Organic Chemists Contributing to the Development of Plastic Electronics
Background - Why is this important?
Electronic media are becoming increasingly important for consumers and advertisers. One of the most exciting developments in the display industry has been the emergence of Polymer Organic Light Emitting Diodes (P-OLEDs).
Organic Light Emitting Diode
Current Organic Light-Emitting Diode (OLED) technology already competes with, and in some areas exceeds, the performance of liquid crystal and plasma displays, but additional advances in this area of P-OLEDs, which are also referred to as plastic electronics, will allow further development.
Plastic electronics is a branch of electronics dealing with semi-conductive polymers and semi-conductive small molecules. The technology is based on the use of an organic polymer that emits light when sandwiched between electrodes and charge is injected subjected to electronic charge. They offer significant advantages over liquid crystal displays (LCDs), in which a separate light source has to be filtered to produce an image. Already, OLED technology has been used in various products such as mobile phones, electric shavers, MP3 players and medical devices. P-OLEDs will also soon be used in a range of applications including televisions, lighting and flexible displays allowing brighter, clearer displays and the potential for cheaper and longer lasting display features.
What did the organic chemists do?
Use of PPV in development of P-OLED
In 1989 a team of chemists and physicists at Cambridge University discovered that poly(p-phenylene vinylene) (PPV) emits a yellow-green light when it is sandwiched between a pair of electrodes.1 Although the efficiency of this first P-OLED was very low, the potential of displays that emit their own light was rapidly recognised. Over the past twenty years, a multidisciplinary effort involving synthetic chemists, physicists and device engineers working in academia and industry, have led to on a wide range of advances in P-OLED science and technology.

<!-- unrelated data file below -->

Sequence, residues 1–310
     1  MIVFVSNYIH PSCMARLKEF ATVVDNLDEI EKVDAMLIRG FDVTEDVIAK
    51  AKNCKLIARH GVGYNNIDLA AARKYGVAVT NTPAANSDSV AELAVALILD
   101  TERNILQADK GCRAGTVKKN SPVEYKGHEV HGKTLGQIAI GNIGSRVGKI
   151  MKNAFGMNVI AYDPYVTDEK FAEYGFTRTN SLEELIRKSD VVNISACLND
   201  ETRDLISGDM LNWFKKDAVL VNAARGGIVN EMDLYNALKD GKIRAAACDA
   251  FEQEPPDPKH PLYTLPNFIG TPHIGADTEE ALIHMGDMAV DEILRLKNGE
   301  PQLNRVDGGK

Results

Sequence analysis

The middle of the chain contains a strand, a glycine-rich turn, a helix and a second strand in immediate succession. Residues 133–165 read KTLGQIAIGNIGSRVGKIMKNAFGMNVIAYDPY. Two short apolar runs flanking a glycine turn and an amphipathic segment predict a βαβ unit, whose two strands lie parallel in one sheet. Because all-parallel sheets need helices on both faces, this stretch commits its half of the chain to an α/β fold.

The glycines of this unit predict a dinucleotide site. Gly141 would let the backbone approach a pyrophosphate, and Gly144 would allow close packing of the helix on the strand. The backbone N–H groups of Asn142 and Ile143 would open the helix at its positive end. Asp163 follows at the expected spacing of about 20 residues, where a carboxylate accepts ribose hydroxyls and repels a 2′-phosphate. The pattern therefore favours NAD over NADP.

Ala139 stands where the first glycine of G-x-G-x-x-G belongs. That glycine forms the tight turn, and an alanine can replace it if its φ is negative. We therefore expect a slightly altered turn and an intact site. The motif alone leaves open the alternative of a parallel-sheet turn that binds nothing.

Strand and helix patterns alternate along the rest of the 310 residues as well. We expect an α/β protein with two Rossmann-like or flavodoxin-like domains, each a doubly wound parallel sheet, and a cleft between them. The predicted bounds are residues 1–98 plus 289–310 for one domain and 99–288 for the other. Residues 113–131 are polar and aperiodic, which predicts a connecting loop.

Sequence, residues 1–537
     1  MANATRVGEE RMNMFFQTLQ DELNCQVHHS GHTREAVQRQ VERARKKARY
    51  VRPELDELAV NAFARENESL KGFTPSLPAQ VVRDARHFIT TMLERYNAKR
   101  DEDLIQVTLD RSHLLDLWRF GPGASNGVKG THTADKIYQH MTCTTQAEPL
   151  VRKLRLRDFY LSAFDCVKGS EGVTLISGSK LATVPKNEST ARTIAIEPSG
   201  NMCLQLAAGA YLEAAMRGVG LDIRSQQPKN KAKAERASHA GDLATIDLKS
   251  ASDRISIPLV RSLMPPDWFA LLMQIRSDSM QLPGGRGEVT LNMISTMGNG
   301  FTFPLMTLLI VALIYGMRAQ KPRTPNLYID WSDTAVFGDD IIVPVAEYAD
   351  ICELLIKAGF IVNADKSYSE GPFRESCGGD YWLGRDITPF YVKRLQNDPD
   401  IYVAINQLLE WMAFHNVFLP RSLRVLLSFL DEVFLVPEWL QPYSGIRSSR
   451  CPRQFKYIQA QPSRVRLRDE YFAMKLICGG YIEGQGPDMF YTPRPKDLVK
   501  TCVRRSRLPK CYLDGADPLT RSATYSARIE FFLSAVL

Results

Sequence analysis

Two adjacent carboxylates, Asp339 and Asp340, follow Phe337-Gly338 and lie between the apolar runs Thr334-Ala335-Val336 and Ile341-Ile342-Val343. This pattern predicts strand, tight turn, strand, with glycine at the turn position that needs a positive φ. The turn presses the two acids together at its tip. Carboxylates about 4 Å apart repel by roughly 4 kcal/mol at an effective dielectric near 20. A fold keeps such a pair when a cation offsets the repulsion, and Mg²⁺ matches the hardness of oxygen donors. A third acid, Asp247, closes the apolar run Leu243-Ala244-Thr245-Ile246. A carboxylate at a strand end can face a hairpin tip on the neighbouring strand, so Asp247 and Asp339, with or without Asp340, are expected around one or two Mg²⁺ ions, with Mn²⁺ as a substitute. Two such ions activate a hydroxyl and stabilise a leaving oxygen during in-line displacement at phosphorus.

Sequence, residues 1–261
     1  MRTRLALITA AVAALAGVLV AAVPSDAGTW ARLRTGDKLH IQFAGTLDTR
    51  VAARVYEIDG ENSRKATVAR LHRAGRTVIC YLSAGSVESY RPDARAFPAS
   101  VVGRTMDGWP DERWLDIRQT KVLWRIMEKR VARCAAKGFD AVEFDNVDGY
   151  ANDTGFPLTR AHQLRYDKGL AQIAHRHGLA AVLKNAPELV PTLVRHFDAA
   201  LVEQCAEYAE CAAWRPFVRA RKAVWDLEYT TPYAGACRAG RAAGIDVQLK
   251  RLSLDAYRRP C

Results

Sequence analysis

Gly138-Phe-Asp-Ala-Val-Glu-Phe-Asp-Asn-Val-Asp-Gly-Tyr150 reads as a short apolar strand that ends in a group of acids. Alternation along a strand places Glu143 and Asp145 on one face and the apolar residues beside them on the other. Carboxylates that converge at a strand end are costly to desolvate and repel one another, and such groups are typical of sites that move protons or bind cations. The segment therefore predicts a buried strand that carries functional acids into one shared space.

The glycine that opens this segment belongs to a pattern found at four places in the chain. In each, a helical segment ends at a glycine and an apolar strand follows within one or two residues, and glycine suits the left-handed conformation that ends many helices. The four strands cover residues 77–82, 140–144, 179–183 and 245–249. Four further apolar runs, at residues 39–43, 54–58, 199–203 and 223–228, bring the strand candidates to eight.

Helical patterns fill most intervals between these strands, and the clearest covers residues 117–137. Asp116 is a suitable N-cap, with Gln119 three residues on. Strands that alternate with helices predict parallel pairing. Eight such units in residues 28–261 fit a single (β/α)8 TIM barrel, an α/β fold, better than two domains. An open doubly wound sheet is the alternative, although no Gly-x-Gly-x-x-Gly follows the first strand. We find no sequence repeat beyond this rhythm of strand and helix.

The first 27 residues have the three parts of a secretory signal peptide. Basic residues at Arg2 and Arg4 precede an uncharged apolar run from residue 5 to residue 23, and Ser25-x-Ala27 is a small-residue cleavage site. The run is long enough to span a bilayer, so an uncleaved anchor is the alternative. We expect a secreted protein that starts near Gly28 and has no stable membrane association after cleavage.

Synthetic organic chemists developed a range of reactions to change parts of the PPV and related polymers to alter the wavelength of light that the polymer emits, improve its luminescence efficiency, increase its stability, and making them easier to process from solvents by changing their solubility.2,3
This fact that light emitting polymers can be made soluble in organic solvents is a major advantage of the technology and means that this technology can be readily employed to deposit the thin film (e.g. by ink-jet printing) on a display substrate without the need for vacuum deposition methods. If all the electrical energy can be harnessed as light P-OLED technology could be more energy efficient and (as mentioned) has the advantage that it can be printed over large areas.
What is the impact?
Plastic electronics are used in P-OLEDs, are predicted to lead to the creation of a whole new range of products such as conformable and rollable electronic displays, ultra-efficient lighting and low-cost long-life solar cells.
UK physicists and chemists are playing a major role in developing newer plastic electronics. Several university spin-out and start-up companies are working to commercialise P-OLED advanced technologies including: Cambridge Display Technology (CDT), MicroEmmisive Displays, Lumicure, Molecular Vision and Plastic Logic (transistors based on polymers). The market value of plastic electronics is forecast to rise from $2 billion in 2009 to $120 billion by 2020.
1 J H Burroughes, D D C Bradley, A R Brown, R N Marks, K Mackay, R H Friend, P L Burn, A B Holmes, Nature, 1990, 347, 539
2 A C Grimsdale, K L Chan, R E Martin, P G Jokisz, A B Holmes, Chem. Rev., 2009, 109, 897
3 U Mitschke, P Bäuerle, J. Mater. Chem., 2000, 10, 1471
Also of interest
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Cambridge Display Technology (CDT)
Cambridge Display Technology (CDT) is the leading developer of technologies based on polymer light emitting diodes (P-OLEDs)
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Contact and Further Information
Dr Anne Horan
Programme Manager, Life Sciences
Royal Society of Chemistry, Thomas Graham House, Science Park, Milton Road, Cambridge, CB4 0WF
Tel: 01223 432699